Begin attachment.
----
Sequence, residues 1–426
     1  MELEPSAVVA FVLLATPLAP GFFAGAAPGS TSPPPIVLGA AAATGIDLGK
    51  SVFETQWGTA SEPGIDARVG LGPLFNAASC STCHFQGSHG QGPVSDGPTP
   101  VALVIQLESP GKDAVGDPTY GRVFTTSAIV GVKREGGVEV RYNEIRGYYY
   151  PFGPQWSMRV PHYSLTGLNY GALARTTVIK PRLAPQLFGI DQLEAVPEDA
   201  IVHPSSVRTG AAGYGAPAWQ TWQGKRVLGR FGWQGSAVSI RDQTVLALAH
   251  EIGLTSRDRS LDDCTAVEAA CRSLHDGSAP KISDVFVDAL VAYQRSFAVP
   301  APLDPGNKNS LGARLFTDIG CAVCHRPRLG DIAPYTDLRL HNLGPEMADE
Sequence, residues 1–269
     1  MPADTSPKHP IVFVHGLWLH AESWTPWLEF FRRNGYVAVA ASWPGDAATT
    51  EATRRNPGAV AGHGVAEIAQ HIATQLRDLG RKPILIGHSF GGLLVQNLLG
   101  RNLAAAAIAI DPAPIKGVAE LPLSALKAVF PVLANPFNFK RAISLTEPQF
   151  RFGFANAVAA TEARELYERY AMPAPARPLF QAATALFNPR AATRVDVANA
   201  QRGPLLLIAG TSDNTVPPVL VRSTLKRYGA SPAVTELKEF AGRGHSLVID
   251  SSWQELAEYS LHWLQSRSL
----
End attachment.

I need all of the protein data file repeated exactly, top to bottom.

Sequence, residues 1–426
     1  MELEPSAVVA FVLLATPLAP GFFAGAAPGS TSPPPIVLGA AAATGIDLGK
    51  SVFETQWGTA SEPGIDARVG LGPLFNAASC STCHFQGSHG QGPVSDGPTP
   101  VALVIQLESP GKDAVGDPTY GRVFTTSAIV GVKREGGVEV RYNEIRGYYY
   151  PFGPQWSMRV PHYSLTGLNY GALARTTVIK PRLAPQLFGI DQLEAVPEDA
   201  IVHPSSVRTG AAGYGAPAWQ TWQGKRVLGR FGWQGSAVSI RDQTVLALAH
   251  EIGLTSRDRS LDDCTAVEAA CRSLHDGSAP KISDVFVDAL VAYQRSFAVP
   301  APLDPGNKNS LGARLFTDIG CAVCHRPRLG DIAPYTDLRL HNLGPEMADE
Sequence, residues 1–269
     1  MPADTSPKHP IVFVHGLWLH AESWTPWLEF FRRNGYVAVA ASWPGDAATT
    51  EATRRNPGAV AGHGVAEIAQ HIATQLRDLG RKPILIGHSF GGLLVQNLLG
   101  RNLAAAAIAI DPAPIKGVAE LPLSALKAVF PVLANPFNFK RAISLTEPQF
   151  RFGFANAVAA TEARELYERY AMPAPARPLF QAATALFNPR AATRVDVANA
   201  QRGPLLLIAG TSDNTVPPVL VRSTLKRYGA SPAVTELKEF AGRGHSLVID
   251  SSWQELAEYS LHWLQSRSL